"The second part [of the patent] is around virtualization: the ability to take the multiple DBs and then once we have [generated] the mapping relationships, [to] present them to a user as a single system. So [in this way], we're able to generate a prototype" of what the finished product -- i.e., a data warehouse -- might look like.
Turnkey appliance vendors might say otherwise, but data management groups can't just roll out a data warehouse overnight, Paat explained. Prototyping and validation are important, and oft-neglected -- or jury-rigged -- parts of the process.
"We automate the discovery and mapping, we then prototype it and validate it. We support both the physical data warehouse model and a production-ready federated model," he noted. "For a physical data warehouse approach, we take all of our metadata, all of our rules that we discover and we … drive all of our mappings directly into [ETL] tools. We're an enabler. For the federated system, the exploratory warehouse demonstrates non-production modes so [data management groups] can [validate] that view, too."
From there, Paat said, Sypherlink is typically ready to hand off to production systems. "Once they validate it, we have adapters that can take it and configure it for production-ready systems. Whether it's Composite or IBM, … all of those federation engines require someone to configure the sources, the relationships -- we do all of that," he indicated.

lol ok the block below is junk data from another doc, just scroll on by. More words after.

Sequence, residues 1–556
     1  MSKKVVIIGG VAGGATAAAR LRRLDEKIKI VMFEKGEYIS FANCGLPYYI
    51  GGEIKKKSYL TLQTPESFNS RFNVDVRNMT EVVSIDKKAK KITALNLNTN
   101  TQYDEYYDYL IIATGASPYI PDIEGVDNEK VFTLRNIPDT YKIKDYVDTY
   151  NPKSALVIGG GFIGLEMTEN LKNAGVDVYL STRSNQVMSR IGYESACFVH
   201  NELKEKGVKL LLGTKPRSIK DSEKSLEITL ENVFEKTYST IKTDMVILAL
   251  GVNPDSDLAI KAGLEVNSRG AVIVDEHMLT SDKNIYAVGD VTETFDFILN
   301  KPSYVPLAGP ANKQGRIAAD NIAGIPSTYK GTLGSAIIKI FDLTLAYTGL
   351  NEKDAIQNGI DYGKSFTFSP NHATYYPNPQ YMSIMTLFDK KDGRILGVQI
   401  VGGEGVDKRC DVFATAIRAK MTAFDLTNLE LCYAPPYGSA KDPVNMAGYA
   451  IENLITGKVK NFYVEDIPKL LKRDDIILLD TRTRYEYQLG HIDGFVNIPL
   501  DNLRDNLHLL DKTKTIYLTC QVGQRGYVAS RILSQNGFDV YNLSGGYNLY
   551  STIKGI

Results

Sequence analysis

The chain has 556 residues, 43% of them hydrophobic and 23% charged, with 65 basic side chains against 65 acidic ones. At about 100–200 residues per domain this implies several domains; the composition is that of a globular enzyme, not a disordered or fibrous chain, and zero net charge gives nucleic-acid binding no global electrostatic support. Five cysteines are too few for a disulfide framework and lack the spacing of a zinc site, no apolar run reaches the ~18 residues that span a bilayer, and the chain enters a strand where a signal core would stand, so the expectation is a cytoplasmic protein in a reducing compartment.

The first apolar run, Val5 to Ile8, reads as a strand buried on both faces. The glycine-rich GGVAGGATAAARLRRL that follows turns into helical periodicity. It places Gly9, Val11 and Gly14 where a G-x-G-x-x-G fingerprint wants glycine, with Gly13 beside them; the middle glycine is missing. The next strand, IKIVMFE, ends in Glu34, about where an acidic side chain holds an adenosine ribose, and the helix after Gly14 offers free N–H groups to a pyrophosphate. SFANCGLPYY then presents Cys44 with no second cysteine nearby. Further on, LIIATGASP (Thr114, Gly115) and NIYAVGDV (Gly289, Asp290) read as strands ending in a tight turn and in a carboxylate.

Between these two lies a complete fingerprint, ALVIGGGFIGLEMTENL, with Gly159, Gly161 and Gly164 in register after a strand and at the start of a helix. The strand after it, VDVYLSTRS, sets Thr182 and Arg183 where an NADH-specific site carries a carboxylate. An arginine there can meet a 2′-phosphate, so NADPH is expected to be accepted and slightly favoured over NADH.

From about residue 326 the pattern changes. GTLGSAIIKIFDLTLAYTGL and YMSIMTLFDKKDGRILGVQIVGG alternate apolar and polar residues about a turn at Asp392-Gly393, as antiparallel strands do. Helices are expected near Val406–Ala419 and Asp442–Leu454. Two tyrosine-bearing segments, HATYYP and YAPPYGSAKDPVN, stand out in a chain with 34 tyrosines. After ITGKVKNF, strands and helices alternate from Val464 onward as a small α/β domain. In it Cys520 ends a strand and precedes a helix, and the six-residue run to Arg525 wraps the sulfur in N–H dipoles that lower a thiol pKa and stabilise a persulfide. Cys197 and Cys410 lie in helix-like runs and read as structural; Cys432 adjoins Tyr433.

"Even for the federated views, the business has to know what views to federate, and then where those views federate in the system. All of that is work that Sypherlink does: prototyping, discovering, mapping."
In the absence of a tool such as Sypherlink, Paat argued, much of this work falls, perforce, into the laps of domain experts. The problem, he said, is that such experts are, by definition, few and far between. Moreover, he pointed out, human domain expertise is considerably more expensive than its machine-based equivalent, such as that facilitated by Sypherlink. Then there's that most intractable -- and widespread -- of problems: poor documentation.